Just Out of Reach: The Elusive Quest to Measure the Digital Economy

Exploring what we know about digital technology's impact on labour and the economy — and how to best conceptualize and measure its impact in the future.
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Just Out of Reach: The Elusive Quest to Measure the Digital Economy
Steve Denney
Research Collaborator + Ph.D, Munk School of Global Affairs and Public Policy
Viet Vu
Senior Economist
Contributors

About This Report

Digital technologies, from e-commerce to more efficient modes of communication, have been integral to economic growth and prosperity, but pre-digital era models and measurements fail to wholly understand its full impact. Understanding the impact of digital technology on workers, labour and the economy requires a new approach to capture the full range of economic activities that have taken place, and will take place. 

This latest report, Just Out of Reach: The Elusive Quest to Measure the Digital Economy, explores the literature on the digital economy, focusing on how we have come to know what we do about technology’s impact on labour and the economy more broadly. 

This report focuses on the approaches, frameworks, and specific measurements created to help conceptualize and measure the impact of technology, with specific attention to the ways technology either replaces labour or augments it. Using a method called a systematic review, our project team thoroughly reviewed, analyzed and synthesized 110 papers, reports, and other sources on how digital technology impacts labour.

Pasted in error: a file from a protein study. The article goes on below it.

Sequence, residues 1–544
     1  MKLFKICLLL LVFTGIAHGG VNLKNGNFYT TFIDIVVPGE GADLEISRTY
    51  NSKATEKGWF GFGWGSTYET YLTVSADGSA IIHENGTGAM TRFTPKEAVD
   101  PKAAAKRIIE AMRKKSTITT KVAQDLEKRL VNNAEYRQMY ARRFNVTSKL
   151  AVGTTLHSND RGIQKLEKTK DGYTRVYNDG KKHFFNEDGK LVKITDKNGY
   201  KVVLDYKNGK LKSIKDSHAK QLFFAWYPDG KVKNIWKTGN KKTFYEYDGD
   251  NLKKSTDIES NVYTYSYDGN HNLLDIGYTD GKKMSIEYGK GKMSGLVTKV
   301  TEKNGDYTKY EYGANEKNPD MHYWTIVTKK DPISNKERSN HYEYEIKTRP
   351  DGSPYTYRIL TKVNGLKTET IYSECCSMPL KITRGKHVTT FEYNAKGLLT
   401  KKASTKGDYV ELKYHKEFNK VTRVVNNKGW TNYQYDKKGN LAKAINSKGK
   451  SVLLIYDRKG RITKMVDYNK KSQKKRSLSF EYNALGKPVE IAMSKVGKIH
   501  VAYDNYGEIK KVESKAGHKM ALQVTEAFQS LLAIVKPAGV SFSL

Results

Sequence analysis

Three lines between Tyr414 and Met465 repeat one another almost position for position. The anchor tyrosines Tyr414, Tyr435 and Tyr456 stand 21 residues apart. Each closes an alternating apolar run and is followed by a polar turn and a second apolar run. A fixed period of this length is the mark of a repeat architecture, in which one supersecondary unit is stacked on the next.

This knowledge synthesis will help researchers and policymakers understand existing measurements and data used to understand how technologies impact the economy, and how these frameworks have evolved over time.

Read this report to help you:
  • Learn about the evolution of theoretical frameworks, measurements, and data that have been developed to conceptualize and measure the digital economy 
  • Explore how digital technology may impact the nature of work, with specific attention to the ways it either replaces labour or augments it
  • Understand the uneven effects of digital technologies on different types of workers

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Key findings from the report:

  • Looking at the impact of technology on labour through a task-based model – where a process is broken into a series of tasks, each of which is potentially substituted with machines or complemented by them – technology is unlikely to automate entire jobs out of existence, but it may alter an occupation significantly. 
  • While significant advancements have been made in defining a consistent and useful taxonomy of tasks to aid researchers and policymakers, the sheer variety of tasks that exist within the economy makes direct and useful measurement difficult.
  • New data and methods have emerged in digital economy literature. Applications of methods in machine learning have generated new insights from existing data, leading to new data sources on occupational characteristics. These new sources, such as online job posting databases, not only capture highly detailed information on job attributes, but allow researchers to understand the emergence of new tasks and skills.

Our Funders and Partners

This research is co-funded by the Social Sciences and Humanities Research Council and the Government of Canada’s Future Skills program, and the Konrad Adenauer Foundation.

Cette recherche est cofinancé par le Conseil de recherches en sciences humaines et le programme Compétences futures du Gouvernement du Canada, et le Konrad Adenauer Foundation.

Steve Denney
Research Collaborator + Ph.D, Munk School of Global Affairs and Public Policy
Viet Vu
Senior Economist
Contributors

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